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Holder: Opposed to "Cowardice" on Race, But Scared of the Civil Rights Commission

11:43 AM, Apr 15, 2010 • By ADAM J. WHITE
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Attorney General Eric Holder spoke yesterday at the Holocaust Memorial Museum, extolling the Justice Department's central role in "today's struggle to promote tolerance, peace, justice and the rule of law."  His timing could not be more ironic, because on the very same day, the attorney general failed to comply with the U.S. Commission on Civil Rights's deadline to report whether the DOJ will allow its employees to testify in the commission's investigation of the DOJ's extraordinary decision to drop its prosecution of Black Panther Party members who menaced voters at the polls on Election Day 2008.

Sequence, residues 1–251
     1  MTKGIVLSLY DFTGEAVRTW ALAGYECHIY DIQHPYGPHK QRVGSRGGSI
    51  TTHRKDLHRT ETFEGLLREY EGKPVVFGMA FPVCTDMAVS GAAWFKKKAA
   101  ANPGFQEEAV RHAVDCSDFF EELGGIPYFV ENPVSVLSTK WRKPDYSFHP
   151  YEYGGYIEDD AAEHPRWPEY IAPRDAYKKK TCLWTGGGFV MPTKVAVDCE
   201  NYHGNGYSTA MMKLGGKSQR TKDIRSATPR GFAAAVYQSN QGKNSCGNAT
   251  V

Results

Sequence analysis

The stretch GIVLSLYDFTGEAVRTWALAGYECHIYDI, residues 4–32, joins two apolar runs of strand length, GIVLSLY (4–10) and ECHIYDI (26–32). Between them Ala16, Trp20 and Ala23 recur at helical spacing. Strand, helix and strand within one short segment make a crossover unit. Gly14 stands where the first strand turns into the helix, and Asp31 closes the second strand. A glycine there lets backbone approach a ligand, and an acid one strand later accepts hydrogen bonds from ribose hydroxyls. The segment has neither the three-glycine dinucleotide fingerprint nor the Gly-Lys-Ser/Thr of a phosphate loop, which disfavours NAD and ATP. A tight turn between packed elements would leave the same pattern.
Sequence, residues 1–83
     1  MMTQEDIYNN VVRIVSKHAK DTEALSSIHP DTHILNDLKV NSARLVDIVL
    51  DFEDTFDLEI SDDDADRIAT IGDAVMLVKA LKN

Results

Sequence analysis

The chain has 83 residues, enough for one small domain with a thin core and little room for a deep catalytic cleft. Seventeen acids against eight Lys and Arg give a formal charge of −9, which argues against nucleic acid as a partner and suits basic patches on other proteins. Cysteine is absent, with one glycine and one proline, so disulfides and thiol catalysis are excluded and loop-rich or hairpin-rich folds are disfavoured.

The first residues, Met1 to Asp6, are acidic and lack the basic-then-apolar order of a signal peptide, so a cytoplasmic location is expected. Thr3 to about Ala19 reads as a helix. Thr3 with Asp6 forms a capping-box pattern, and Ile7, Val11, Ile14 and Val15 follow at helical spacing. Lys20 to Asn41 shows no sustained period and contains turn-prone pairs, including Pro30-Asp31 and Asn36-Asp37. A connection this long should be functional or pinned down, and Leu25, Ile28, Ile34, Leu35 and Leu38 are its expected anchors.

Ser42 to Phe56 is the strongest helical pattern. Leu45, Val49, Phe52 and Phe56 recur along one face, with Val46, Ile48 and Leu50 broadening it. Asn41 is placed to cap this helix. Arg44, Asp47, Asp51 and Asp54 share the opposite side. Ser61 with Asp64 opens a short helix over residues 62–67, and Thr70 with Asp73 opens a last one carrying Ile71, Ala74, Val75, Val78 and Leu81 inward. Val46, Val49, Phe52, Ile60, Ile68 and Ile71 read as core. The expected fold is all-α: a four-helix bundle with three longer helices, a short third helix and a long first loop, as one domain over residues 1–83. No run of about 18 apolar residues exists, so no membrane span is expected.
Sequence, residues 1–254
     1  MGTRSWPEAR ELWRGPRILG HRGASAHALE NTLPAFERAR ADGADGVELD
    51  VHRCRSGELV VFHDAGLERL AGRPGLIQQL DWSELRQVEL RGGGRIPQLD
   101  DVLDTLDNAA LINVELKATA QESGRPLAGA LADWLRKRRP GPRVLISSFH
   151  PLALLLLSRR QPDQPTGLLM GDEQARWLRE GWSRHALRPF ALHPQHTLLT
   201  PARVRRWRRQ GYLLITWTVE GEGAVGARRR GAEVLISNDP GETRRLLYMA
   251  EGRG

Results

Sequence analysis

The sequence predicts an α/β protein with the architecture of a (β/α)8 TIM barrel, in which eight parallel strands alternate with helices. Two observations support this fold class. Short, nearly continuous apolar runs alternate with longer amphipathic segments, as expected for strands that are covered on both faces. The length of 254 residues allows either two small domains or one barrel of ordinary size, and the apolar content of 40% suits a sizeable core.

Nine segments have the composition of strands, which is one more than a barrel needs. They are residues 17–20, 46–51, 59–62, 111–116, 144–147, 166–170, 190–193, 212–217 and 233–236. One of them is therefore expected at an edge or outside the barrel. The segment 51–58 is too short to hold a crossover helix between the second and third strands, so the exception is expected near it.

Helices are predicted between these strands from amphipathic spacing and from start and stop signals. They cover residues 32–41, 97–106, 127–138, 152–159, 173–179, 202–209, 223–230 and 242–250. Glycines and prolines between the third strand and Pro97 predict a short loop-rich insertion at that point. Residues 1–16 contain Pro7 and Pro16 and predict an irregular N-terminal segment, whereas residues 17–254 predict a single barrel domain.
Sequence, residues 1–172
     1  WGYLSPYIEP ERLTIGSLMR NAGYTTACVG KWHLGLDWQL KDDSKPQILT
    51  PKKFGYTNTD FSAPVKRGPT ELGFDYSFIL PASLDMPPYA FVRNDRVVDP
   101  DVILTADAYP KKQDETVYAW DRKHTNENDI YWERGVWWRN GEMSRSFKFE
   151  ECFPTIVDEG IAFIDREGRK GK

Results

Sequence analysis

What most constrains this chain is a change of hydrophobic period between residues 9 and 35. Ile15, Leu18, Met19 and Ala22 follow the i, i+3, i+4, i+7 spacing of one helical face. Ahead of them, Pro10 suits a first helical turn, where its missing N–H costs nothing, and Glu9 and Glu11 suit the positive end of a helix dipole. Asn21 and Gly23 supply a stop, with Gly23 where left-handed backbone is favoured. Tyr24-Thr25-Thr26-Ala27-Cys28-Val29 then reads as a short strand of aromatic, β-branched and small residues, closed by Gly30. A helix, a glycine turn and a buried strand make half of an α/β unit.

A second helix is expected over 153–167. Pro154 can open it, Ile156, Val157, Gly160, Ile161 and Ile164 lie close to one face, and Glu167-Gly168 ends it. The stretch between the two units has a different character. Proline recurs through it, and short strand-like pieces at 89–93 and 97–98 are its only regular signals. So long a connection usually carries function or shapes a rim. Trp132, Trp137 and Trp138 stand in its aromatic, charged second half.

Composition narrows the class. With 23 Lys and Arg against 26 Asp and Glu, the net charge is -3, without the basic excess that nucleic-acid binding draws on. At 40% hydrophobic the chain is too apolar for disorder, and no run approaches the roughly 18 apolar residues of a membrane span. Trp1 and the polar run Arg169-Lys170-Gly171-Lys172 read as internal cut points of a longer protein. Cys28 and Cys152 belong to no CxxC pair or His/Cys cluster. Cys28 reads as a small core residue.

Holder: Opposed to "Cowardice" on Race, But Scared of the Civil Rights Commission

The attorney general certainly talks a good game -- not just at the Holocaust Memorial Museum, but elsewhere, as we saw in his infamous description of Americans as a "nation of cowards" on racial issues.  But if the attorney general is really so opposed to cowardice on sensitive issues of race, then why is he so scared to talk to the Civil Rights Commission?

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